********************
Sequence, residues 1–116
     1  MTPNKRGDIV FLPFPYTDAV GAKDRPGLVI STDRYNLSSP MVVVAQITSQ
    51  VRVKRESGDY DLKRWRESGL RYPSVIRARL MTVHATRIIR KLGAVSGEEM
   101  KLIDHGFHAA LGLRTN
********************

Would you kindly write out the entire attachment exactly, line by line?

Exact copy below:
Sequence, residues 1–116
     1  MTPNKRGDIV FLPFPYTDAV GAKDRPGLVI STDRYNLSSP MVVVAQITSQ
    51  VRVKRESGDY DLKRWRESGL RYPSVIRARL MTVHATRIIR KLGAVSGEEM
   101  KLIDHGFHAA LGLRTN